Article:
Just when we thought South Florida’s dry season finally had taken hold, a passing front dumped about an inch of rain at the Pahayokee water gauge located about 12 miles west of the Homestead entrance to Everglades National Park. Now this little hydrological tidbit wouldn’t mean much to most people, or even to the average park visitor who typically walks out on the Pahayokee boardwalk to gaze at the vast sawgrass marsh of Shark River Slough.
But to veteran Glades paddler and explorer Terry Helmers, 60, of South Miami, it meant an extension of the “grass-paddling” season — the opportunity for probing wet marshes by canoe and kayak looking for inland trails connecting various regions of the largest wilderness east of the Mississippi.
For some 30 years, Helmers has been searching for a paddling route from Pahayokee — a Seminole word meaning “grassy waters” — heading west for about six miles to a former airboat trail with deeper water known locally as “Main Street” that cuts northwest to southeast through the middle of Shark River Slough. If he could discover a viable trail, he reasoned, then future paddlers could embark at Pahayokee and take “Main Street” to Rookery Branch and a campsite at Canepatch in a single day. Opening up Pahayokee also would give paddlers heading south from the central Everglades through Shark River Slough a respite before continuing west to Canepatch.
“Pahayokee looks inviting,” Helmers told a group of paddling friends. “What we’re out to do is take logic and methodology to find the best way to get from Pahayokee to Main Street, trying to connect the areas where the grass is not as thick.”
Using GPS and Google maps with detailed aerial views of the region, Helmers charted out a course through the marsh and decided to ground-truth it in his canoe. He managed to convince me and five others to join him.
All I can say after grass paddling is: What were we thinking?
First off, Pahayokee is designed as a scenic overlook, not a canoe/kayak launch. We had to climb over and under the railing to board our paddlecraft. And I don’t think we paddled more than 100 yards or so before dense stands of sawgrass and clinging globs of periphyton forced us to get out and pull/push our craft forward. Esther Luft, on a stand-up paddleboard, gave up and returned to the boardwalk. Helmers, Chris Carl, Flex Maslan, Dan Crossett, Mark Lewis and I, for some reason, kept going.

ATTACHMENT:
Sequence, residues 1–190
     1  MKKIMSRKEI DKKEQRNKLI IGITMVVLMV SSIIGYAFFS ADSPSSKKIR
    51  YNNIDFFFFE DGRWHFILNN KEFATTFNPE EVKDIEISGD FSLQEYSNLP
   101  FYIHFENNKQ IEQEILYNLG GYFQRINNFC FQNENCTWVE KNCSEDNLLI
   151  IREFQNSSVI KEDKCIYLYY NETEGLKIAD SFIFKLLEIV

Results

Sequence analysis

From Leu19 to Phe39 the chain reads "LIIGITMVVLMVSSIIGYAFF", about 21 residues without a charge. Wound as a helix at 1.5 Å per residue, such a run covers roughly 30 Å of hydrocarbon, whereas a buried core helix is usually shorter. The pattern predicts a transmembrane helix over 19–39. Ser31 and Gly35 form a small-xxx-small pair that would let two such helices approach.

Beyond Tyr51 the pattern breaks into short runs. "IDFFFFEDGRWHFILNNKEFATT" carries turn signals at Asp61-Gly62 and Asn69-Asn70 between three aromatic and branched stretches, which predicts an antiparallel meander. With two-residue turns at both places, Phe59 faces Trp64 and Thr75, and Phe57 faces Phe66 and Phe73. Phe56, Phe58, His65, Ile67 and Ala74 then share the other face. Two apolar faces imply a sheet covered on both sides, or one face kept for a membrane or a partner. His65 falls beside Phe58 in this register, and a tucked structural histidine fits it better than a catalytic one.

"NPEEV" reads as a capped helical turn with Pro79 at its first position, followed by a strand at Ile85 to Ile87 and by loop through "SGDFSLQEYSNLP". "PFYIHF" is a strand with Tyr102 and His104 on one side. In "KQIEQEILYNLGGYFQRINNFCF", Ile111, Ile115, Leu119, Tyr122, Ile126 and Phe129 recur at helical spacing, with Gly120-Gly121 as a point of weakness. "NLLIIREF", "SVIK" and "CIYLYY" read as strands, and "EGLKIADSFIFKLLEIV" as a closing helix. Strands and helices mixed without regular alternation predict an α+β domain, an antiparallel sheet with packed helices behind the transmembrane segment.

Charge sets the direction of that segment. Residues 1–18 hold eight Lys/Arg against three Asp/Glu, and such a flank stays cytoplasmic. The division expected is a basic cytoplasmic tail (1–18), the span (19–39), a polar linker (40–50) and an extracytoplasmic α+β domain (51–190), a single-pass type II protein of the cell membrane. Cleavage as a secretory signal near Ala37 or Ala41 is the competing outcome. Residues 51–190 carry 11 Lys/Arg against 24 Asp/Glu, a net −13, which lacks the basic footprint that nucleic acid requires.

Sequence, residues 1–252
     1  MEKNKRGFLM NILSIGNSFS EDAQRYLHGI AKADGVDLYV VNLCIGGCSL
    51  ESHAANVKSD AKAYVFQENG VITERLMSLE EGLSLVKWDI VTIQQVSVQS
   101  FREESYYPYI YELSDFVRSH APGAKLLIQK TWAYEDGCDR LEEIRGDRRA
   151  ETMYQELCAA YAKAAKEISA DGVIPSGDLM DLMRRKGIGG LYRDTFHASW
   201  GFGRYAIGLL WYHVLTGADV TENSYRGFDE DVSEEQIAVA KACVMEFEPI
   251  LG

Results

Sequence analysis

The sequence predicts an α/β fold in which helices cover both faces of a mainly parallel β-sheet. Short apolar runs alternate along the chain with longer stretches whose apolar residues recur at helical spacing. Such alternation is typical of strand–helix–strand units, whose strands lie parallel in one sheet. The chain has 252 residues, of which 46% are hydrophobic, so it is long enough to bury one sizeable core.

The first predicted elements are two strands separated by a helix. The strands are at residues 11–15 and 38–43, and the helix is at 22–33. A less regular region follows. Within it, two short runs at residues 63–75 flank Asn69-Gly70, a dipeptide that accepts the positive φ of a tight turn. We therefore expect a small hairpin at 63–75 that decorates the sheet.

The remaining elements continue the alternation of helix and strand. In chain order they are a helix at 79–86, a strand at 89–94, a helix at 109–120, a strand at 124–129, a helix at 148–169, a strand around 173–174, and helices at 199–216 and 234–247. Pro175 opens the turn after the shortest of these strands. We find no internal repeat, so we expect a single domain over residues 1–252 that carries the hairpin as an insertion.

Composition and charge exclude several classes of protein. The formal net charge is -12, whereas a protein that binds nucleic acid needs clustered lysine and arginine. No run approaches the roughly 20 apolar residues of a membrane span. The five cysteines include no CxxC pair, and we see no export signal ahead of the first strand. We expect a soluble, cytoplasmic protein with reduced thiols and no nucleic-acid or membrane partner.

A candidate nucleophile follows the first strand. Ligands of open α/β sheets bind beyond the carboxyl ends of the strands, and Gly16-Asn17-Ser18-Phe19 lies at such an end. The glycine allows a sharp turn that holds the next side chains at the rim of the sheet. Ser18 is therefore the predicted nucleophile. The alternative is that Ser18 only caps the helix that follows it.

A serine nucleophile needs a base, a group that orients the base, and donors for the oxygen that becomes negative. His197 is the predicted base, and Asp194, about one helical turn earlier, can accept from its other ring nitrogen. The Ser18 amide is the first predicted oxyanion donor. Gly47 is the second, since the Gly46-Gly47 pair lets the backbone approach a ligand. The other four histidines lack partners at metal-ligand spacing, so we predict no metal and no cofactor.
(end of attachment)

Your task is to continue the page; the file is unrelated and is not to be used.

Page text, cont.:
“What we need is a 30-foot alligator to go back and forth around here,” Helmers said.
It looked like the narrow path we were following could have been a gator trail, but there were no signs of the reptilian trailblazers. The rough vegetation clawed at me, and the uneven mud and rock bottom caused me to stumble more than walk. I couldn’t wait for the water to get deeper and the grass to thin out so we could resume the relative luxury of paddling.
That didn’t happen for probably a mile. We rounded a hammock and came upon an odd sight: a formation of tall, dead reeds standing starkly like a teepee in the swamp.
It seemed like such an anachronism that I took a photo of it.
But the teepee ended up becoming something of a landmark for deepening water and easier passage. We also spied a soft-shell turtle — the only reptile we saw that day. We resumed paddling, and noticed that tall sawgrass gave way more and more to short spikerush with easy-to-follow channels.
When we reached a relatively open slough about 25 yards wide, somebody yelled out, “Lake Michigan!”
To which Helmers replied, “Wait till we come to Main Street. It’s so wide and deep you’ll get seasick!”
But even though the paddling became easier, we had spent a lot of time slogging a circuitous route through the slough on foot, and by noon, we had made it only halfway to Main Street — a linear distance of 2.43 miles in about four hours, according to Carl’s GPS. We likely had paddled farther than that with all the twists and turns.
“People are going to say, ‘Bunch of wimps — they couldn’t even go three miles,’” Lewis said.
“Like anybody would want to do this anyway,” I grumbled.
Replied Crossett: “That’s what they said about the moon.”
We ate lunch and unanimously agreed that trying to push on for Main Street would take too long and delay our return to Pahayokee until after dark — a bad idea because we had no camping gear and had only brought lunch and water. So we turned back.
The return trip was just as slow and clumsy: we started off paddling, then had to get out and push/pull. I used a paddle as a staff to lurch through the swamp’s uneven terrain, but fell in the water once anyway.
I was tired, muddy and irritable when we finally arrived at the Pahayokee overlook at midafternoon. Tourists taking photos of the slough looked astonished at our stumbling approach. We must have looked like the Everglades version of The Walking Dead after more than seven miles of swamp trekking.
Helmers, ever the optimist, said the journey would be more doable in early fall with higher water levels.
“We have made a great discovery,” he said. “What is significant here is we followed spikerush and sawgrass channels. We broke through the hard part. This isn’t an easy thing to do.”
Exactly, and I’m not sure how many disciples he will find next fall.
Said Lewis: “I guarantee I won’t be doing this one again.”